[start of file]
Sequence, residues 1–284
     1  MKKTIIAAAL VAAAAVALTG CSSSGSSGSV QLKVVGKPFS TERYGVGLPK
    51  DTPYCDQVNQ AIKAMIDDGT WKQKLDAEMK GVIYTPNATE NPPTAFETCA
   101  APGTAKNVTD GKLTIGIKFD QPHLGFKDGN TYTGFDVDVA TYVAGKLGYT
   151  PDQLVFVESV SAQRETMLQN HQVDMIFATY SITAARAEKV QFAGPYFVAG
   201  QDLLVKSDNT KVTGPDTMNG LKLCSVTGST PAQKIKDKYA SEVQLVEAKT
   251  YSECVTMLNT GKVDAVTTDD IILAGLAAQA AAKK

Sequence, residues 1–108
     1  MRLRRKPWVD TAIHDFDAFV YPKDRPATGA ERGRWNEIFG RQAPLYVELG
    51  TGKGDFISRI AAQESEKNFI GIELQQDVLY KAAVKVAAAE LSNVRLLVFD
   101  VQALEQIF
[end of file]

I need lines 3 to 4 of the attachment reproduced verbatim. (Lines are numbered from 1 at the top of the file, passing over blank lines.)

    51  DTPYCDQVNQ AIKAMIDDGT WKQKLDAEMK GVIYTPNATE NPPTAFETCA
   101  APGTAKNVTD GKLTIGIKFD QPHLGFKDGN TYTGFDVDVA TYVAGKLGYT